From the Booker Prize-nominated author comes a new novel about a legendary French female chef—the facts her life, the nearly ineffable qualities of her cooking, and the obsessive, sometimes destructive desire for purity of taste and experience that shaped her life.
a sensual portrayal of the indispensable place of talented cooks in the world of the French bourgeoisie. NDiaye’s heroine doesn’t wield overt power over this class, but instead commits herself to delivering savory before sugar, invention and technique before pleasure.
Writing against cliché—e.g., cooking is a site of carnage, not delight—is vital to NDiaye’s novels. Borrowing from Freud, supernatural thriller, and family saga, her work is famously difficult to classify ... Reading NDiaye is akin to coming across a previous patient’s psychological assessment on your therapist’s desk; you’re hopelessly drawn in, even as you ought to look away ... In The Cheffe...it is the narrator’s unreliability,...that generates NDiaye’s characteristic mystery and menace ... It is typical of NDiaye to transform bourgeois pleasures—French cuisine, tropical vacations, interior design—into discomfiting forms of mild torture ... At end, there are those who will complain that NDiaye’s work is 'too challenging' to enjoy. But novels that go down easy come with hazards of their own: as our narrator warns, 'you don’t feel respected as a customer and an eater, you feel ashamed for the cook.'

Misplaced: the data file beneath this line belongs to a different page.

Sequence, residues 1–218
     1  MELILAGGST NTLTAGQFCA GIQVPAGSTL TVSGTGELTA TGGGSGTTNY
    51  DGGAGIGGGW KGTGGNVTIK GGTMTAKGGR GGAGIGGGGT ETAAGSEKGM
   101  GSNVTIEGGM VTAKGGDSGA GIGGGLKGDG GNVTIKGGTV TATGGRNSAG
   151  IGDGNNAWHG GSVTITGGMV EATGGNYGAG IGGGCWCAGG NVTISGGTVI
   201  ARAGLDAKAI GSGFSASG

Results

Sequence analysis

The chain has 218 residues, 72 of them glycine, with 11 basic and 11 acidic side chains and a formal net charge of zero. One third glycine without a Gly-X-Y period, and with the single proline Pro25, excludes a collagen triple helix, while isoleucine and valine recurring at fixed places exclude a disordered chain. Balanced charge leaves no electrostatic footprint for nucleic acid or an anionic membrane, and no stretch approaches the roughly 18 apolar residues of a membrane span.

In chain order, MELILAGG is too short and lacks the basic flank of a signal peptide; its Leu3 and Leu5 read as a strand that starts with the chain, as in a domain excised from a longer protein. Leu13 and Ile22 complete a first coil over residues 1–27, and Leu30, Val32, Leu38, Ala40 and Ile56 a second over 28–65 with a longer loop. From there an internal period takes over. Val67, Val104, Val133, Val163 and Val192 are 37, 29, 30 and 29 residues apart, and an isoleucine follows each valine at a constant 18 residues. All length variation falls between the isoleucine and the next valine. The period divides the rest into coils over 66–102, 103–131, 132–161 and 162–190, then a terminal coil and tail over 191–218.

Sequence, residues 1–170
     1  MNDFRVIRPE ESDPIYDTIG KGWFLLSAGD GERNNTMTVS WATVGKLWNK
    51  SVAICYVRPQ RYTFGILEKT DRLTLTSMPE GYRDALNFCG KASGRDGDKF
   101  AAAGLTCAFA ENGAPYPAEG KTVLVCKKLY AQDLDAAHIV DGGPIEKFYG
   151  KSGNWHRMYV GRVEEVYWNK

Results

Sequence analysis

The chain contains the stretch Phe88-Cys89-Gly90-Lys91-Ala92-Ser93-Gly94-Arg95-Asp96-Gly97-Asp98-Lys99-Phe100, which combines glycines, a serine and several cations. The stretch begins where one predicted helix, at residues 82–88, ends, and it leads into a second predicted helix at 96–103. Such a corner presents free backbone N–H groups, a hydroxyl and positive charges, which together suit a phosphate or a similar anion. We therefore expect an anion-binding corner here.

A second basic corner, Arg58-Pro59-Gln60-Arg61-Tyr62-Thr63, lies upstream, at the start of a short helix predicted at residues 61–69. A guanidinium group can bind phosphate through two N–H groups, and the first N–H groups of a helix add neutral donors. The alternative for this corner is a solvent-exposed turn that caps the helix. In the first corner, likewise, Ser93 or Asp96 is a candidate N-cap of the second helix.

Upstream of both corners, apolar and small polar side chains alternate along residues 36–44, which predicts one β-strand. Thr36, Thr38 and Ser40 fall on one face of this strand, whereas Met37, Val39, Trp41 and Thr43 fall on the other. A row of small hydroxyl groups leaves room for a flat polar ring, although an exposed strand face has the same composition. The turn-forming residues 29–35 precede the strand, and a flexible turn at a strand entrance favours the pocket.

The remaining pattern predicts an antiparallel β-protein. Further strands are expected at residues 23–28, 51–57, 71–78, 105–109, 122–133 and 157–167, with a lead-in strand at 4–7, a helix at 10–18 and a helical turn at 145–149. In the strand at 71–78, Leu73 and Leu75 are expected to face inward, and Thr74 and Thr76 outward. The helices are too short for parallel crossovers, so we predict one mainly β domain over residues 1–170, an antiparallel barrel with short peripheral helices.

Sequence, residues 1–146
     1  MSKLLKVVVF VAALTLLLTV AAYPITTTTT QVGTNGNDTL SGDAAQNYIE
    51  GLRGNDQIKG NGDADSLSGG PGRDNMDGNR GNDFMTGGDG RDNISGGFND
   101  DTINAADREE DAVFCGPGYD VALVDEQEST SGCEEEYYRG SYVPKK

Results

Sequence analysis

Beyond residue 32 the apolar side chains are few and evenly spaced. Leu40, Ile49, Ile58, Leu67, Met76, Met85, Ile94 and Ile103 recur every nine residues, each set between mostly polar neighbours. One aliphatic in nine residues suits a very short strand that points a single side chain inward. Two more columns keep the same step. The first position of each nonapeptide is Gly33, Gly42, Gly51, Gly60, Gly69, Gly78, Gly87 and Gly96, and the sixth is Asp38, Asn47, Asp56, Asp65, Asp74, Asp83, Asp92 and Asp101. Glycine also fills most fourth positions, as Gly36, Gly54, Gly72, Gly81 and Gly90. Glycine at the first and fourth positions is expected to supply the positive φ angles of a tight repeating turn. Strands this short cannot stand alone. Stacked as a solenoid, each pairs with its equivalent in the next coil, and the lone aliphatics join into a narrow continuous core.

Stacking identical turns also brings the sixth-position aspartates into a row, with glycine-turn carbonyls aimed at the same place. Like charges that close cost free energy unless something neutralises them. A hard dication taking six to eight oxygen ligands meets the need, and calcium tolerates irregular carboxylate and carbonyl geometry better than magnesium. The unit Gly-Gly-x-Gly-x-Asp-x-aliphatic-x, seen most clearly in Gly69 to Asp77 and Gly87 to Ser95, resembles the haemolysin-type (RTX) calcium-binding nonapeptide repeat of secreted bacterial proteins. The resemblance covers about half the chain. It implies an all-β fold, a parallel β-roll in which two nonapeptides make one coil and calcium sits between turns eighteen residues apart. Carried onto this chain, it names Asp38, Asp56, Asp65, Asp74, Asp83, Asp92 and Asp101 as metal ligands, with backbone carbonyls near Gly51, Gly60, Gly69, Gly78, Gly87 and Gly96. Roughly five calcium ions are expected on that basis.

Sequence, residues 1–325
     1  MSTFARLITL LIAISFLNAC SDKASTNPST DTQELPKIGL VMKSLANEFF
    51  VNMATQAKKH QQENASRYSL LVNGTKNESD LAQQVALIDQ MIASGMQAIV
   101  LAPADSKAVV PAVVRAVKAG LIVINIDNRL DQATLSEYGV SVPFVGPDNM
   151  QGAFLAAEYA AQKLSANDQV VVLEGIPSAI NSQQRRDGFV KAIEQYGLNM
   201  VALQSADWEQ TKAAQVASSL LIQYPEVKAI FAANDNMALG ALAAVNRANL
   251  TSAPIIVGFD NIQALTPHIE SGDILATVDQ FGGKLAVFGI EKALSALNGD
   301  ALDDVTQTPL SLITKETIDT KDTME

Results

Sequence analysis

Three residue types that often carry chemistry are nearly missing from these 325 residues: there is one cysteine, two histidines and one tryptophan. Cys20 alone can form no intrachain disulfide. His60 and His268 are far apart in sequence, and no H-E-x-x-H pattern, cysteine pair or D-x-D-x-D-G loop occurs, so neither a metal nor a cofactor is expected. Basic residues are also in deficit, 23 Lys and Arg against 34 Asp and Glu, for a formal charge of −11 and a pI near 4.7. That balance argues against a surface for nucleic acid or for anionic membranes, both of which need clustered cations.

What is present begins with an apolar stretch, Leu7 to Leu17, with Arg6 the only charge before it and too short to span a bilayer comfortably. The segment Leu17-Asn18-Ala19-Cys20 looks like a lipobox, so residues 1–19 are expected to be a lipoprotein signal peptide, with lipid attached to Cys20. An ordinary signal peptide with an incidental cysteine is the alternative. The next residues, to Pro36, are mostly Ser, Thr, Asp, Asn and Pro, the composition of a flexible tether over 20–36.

Marie NDiaye is so intelligent, so composed, so good, that any description of her work feels like an understatement ... On first read, I was disappointed with The Cheffe. Compared to NDiaye’s other great novels, The Cheffe feels a little simple: it’s the story of a man’s infatuation with his former boss. It’s far more coherent in style and content than NDiaye’s previous works, plays less with genre, lacks the strange plasticity that makes reading her books something like handing over your ticket at the entrance of a haunted house. And yet, as I thought about and reread NDiaye’s mirror-smooth prose, I wondered: What am I not seeing? ... NDiaye illustrates the class dynamics of the kitchen: who sips from a spoon and who wields a knife ... Translator Jordan Stump...has done a wonderful job here ... as often happens in NDiaye’s work, the violence of the past is merely punted to the next generation. For now, they may still hope to do things differently.